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Google’s ‘Duplex on the web’ enables the Assistant to buy movie tickets for you

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Google is making it possible to use the Assistant (via Duplex) to buy movie tickets online. Back in May at Google I/O, the company announced that it was expanding the AI-powered Duplex beyond restaurant reservations to booking rental cars and buying movie tickets.

Duplex on the web. Called “Duplex on the web,” users will be able to use the Google Assistant for new reservations and purchase categories. Movies is the latest example.

As shown below, Android users in the U.S. or U.K. can ask the Assistant for movie showtimes or search movies in the Google app. The Assistant will then lead searchers through a “buy tickets” process that involves theater selection, movie times and, if available, seat selection. A saved payment card needs to be in Chrome to work in this case.

Expanding to many more categories. It’s not clear that users will prefer this process to manually booking tickets. However, it illustrates how Google is bringing the sophistication of its Duplex technology to the broader mobile internet.

It’s also not clear how much back end integration needs to be done by publishers to enable this; I suspect not that much. Regardless, I’m sure Google has a roadmap that extends to many other categories where online scheduling, reservations and basic transactions are involved.

Rand Fishkin has been speaking, including at SMX East, about how Google has evolved from “everyone’s search engine to everyone’s competitor” and the SEO implications of this. My view is a bit different.

Why we should care. Google has now talked repeatedly about “helping users get things done in search and with the Google Assistant. This is about making search more transactional and owning the transaction. Google is doing this in shopping and across the board in local (e.g., food ordering).

Google is trying to remove friction and compress the process between search and a sale. It’s handing that process off much less and less to third parties and site owners. This helps Google 1) improve the consumer experience, 2) keep users within its system, 3) create a closed loop for analytics and 4) generate fees or revenue from commerce, which has implications for smart speakers.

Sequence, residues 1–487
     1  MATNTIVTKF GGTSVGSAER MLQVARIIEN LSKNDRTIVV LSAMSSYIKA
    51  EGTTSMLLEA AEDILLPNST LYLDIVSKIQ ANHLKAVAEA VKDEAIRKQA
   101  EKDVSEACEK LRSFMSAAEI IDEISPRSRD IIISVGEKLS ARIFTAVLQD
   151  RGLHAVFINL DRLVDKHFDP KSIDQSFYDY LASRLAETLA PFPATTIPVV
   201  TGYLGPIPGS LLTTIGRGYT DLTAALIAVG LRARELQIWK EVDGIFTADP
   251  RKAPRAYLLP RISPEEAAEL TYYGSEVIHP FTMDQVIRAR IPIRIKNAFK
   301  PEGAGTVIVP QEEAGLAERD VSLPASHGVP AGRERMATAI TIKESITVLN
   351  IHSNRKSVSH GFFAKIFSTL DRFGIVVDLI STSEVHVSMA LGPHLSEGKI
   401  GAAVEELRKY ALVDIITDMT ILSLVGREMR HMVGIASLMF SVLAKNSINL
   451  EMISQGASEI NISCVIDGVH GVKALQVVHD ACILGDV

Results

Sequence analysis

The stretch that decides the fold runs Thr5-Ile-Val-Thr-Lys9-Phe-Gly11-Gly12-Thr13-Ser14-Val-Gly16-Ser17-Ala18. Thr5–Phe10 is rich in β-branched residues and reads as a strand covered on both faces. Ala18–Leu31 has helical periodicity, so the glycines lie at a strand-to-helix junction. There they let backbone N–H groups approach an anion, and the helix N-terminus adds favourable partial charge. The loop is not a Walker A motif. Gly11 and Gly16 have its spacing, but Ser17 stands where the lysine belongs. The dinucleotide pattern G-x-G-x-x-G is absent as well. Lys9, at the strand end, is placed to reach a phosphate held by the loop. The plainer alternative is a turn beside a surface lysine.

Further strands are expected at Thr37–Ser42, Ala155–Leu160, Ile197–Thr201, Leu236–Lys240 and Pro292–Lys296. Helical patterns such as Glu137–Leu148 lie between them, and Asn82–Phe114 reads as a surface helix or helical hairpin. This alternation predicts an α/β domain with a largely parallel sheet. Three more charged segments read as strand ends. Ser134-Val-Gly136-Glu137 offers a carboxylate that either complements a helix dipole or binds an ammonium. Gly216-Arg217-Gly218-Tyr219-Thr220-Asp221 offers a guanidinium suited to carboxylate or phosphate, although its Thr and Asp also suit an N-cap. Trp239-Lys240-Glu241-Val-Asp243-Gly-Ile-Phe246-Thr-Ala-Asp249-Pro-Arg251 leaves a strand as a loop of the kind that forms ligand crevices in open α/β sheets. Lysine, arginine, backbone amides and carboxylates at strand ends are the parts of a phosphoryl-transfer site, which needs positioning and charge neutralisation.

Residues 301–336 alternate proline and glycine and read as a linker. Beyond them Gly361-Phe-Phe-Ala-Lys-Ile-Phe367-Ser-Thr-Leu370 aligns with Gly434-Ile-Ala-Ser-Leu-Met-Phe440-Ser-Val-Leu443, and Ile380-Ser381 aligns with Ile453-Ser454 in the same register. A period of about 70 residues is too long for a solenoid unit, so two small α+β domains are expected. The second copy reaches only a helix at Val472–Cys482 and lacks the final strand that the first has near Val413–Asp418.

If these capabilities (i.e., Duplex on the web) take off, publishers and brands will need to be partnered or integrated with Google actions/services or risk losing the transaction to a competitor. It will also mean that Google owns the customer.


About The Author

Greg Sterling is a Contributing Editor at Search Engine Land. He writes about the connections between digital and offline commerce. He previously held leadership roles at LSA, The Kelsey Group and TechTV. Follow him Twitter or find him on LinkedIn.



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Google Search Console adds Product results filters to performance report

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Google announced it has added new filters to the performance report within Google Search Console to show you how well your product results are doing in search. Google now captures and displays click and impression data when rich results display based on your use of product rich results markup.

The report. Find this data under the Performance report by clicking on “search appearance” and then on “product results.” You’ll see clicks and impressions and can further segment by device, geography and queries.

What it looks like. Here is a screen shot of the report:

What is a product rich result? Below is a screenshot of what a product rich result looks like, but you can learn more about this in this developer document. Product rich results typically show product ratings, price, availability and some description information. Note that product rich results are not new, just the report in Search Console.

An example of a product rich result in Google search results.

Why we care. The more data the better for SEOs and publishers, and this gives us more granular data on the impact of us adding product rich result markup to our pages. Google said this will show you how much traffic comes from experiences with rich data like price and availability and how does shopping traffic change over time, and the shopping search queries your website shows.


About The Author

Barry Schwartz is Search Engine Land’s News Editor and owns RustyBrick, a NY based web consulting firm. He also runs Search Engine Roundtable, a popular search blog on SEM topics.